Conventional plastics are materials with attractive properties but with low recyclability. They also persist in the environment. Furthermore, the plastic waste decomposes into microplastic, which pollutes the soil, the sea, and the air. Therefore new regulations restrict its use. The existing biodegradable materials suffer from inferior mechanical properties (such as starch) or low degradability that needs to be enhanced (e.g., PLA).
Prof. Rybtchinski and his group designed a biodegradable "fiberglass" composed of Nano-crystalline fibers and a biodegradable polymer. Both components are highly biodegradable, and the resulting composite material has properties akin to or better than known packaging plastics (which constitute 39% of all produced plastics).
Although plastics have superior properties, they are poorly recycled (~8%) due to a dramatic reduction of their properties in each recycle step. Plastic waste pollutes our soil, freshwater resources, atmosphere, and seas. As a prevention action, in the last few years, new regulations have been restricting the use of plastics to encourage alternatives such as reusable plastics or materials which decompose into biofriendly compounds by microorganisms (biodegradable materials). The main challenge of biodegradable materials is achieving regular plastics' mechanical properties while achieving high biodegradability.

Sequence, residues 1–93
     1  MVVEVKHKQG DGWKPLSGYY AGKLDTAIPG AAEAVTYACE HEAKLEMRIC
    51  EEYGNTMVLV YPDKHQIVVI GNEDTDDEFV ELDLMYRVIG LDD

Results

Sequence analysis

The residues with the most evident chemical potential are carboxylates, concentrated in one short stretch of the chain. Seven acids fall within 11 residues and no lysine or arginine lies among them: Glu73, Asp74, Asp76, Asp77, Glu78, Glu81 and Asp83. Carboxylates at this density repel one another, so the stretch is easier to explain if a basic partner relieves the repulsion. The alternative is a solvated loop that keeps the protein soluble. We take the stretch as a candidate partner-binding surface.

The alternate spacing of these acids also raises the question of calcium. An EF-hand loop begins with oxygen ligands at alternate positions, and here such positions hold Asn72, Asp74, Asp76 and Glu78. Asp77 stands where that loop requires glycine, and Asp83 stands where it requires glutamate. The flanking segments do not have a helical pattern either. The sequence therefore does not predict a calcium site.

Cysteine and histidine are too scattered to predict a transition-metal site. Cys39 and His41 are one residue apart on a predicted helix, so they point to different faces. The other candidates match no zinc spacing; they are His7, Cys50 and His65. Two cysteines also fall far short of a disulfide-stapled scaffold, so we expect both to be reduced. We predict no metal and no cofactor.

A fiberglass-like composite material was prepared out of Nano-crystals (the fibers) and a polymer, which are both highly biodegradable. This material has comparable properties to the commonly used packaging plastics; it exhibits including a high modulus (1000 MPa), tensile strength (70 MPa), elongation (55%), and toughness (25 MPa).
Both Nano-crystals and the biocompatible polymer are cheap products that can be manufactured from bioresources on a large scale. The Nano-crystals are used for reinforcement of the polymer.
- Biodegradable Packaging
- Highly biodegradable (fast degradation in soil)
- Very cheap components
- Non-Toxic ingredients and product
- Simple to process
Initial prototypes demonstrated—scaling-up in progress.
This biodegradable "fiberglass" can be used for the packaging industry (39% of all plastics) due to its inexpensiveness and mechanical properties.
SEM images of the composite: